No gemstone is as symbolic of love as the ruby. A ruby is the ideal way to demonstrate love and passion. A perfect ruby is more valuable than any other gemstone.
On the Mohs Scale of Hardness the ruby is rated nine, just below the diamond, which registers ten. Like sapphires, rubies are a gemstone belonging to the mineral family corundum. The ruby’s unique red colour is due to the presence of chromium, so all other corundum gemstones are called sapphires.
Pigeon Blood Ruby Colour
When grading gemstones gemmologists refer to the Four Cs of Connoisseurship. In order of importance for rubies these are: Colour, Clarity, Cut and Carat. The most valuable rubies possess a deep red hue. The preferred shade is known as “Pigeon’s Blood Ruby” or “Burmese Ruby”, a dark red shade with a slightly blue tinge. It should be noted this description does not necessarily indicate a stone is from Burma; it is more likely to indicate the stone’s colour is comparable to that of a Burmese ruby.
Although Burma was once the world’s top ruby-producing country, today the mines rarely produce stones larger than a few carats. Rubies from neighbouring Vietnam offer a slightly purple hue. Those mined in Thailand display the desirable deep red colour with a brown hue. Called “Siamese”, this highly prized colour is considered only slightly less desirable than the “Burmese” colour. Rubies are also mined in Pakistan, Afghanistan, India and Nepal. The East African countries of Kenya and Tanzania have produced some stones with a strong red colour, but generally these rubies are of an average quality and size.
Clear and Transparent Ruby
Clarity is the second most important criteria for valuing rubies. Opaque stones are of little value, while a transparent ruby is highly prized. Slightly flawed rubies may be heat treated to improve clarity, although gemmologists may refer to a stone’s minor needle inclusions to distinguish a real ruby from a synthetic one.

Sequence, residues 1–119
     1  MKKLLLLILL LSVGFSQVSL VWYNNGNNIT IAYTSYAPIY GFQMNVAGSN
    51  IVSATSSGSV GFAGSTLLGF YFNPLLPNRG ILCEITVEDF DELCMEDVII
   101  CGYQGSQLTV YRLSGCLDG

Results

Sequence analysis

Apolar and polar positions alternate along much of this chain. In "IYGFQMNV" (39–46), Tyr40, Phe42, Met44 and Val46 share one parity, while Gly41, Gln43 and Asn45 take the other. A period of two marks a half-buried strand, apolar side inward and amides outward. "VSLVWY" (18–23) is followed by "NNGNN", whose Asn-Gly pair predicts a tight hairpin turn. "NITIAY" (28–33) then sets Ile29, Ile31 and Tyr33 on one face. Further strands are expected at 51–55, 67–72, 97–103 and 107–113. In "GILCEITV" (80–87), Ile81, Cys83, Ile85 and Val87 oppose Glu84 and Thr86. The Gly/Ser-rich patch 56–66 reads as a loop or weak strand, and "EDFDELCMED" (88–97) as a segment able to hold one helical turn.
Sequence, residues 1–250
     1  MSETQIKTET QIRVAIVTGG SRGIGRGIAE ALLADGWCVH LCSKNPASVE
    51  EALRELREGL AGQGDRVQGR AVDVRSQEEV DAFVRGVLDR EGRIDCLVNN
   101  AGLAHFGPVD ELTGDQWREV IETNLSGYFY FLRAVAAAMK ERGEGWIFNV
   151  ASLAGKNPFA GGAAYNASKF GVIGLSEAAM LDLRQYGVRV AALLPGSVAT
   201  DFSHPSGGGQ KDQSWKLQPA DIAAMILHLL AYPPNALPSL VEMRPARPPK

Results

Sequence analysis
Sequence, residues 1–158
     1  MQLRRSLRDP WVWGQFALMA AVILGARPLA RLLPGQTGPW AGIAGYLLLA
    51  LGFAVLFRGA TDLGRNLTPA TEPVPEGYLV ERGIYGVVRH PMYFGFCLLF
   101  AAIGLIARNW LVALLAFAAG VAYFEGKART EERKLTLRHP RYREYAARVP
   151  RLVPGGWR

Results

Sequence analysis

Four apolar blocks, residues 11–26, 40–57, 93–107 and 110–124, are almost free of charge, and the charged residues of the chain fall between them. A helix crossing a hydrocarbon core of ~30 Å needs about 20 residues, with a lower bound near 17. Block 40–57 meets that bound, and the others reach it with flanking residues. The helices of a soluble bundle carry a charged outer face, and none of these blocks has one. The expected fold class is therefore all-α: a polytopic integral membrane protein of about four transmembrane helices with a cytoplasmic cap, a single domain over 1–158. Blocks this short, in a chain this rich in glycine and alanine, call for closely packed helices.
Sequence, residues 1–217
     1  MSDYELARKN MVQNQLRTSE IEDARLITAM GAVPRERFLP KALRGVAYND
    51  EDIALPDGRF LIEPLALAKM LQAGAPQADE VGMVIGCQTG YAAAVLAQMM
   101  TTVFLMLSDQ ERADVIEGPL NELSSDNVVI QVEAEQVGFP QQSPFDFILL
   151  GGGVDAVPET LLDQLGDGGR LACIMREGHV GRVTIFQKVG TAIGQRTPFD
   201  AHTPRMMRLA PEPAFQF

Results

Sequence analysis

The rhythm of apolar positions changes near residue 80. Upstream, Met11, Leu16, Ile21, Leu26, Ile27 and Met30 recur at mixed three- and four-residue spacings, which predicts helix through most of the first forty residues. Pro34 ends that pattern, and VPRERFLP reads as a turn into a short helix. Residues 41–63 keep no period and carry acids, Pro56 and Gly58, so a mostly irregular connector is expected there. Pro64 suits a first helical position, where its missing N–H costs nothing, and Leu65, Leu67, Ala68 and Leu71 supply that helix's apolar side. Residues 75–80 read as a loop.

Some rubies possess a shine known as “silk”, a feature caused by very fine needles of the mineral rutile. These deposits sometimes cause a star-shaped inclusion inside the stone. When held up to the light the stone will cause a beautiful display known as asterism. A cabochon cut displays the inclusion as a star, presenting an optical image which seems to glide across the surface when the stone is moved. Known as star rubies, these stones are rare, and the star should appear in the centre of the stone will its six rays completely visible.
Rubies were first synthesised in 1902, using the Verneuil Process. Today many of the rubies available on the gemstone market are synthetic, and known as Verneuil rubies. Only an expert gemmologist is able to tell the difference between a natural and a synthetic ruby. Garnets and tourmalines are similar to rubies, but neither stone is as hard as the ruby. The ruby spinel is identical in appearance to a genuine ruby.
When buying a ruby, choose a stone for its quality rather than its size. All the best rubies contain some inclusions, but are not usually visible to the naked eye. Colour is the most important valuable feature, so a dark red stone with more inclusions is more valuable than a lighter coloured stone with few inclusions. Cut is an important consideration. A good cut will make the ruby glow with a deep red fire. Ensure the stone is free of scratches and chips. Although a ruby is a tough, hard gemstone, it may chip or even fracture with rough handling.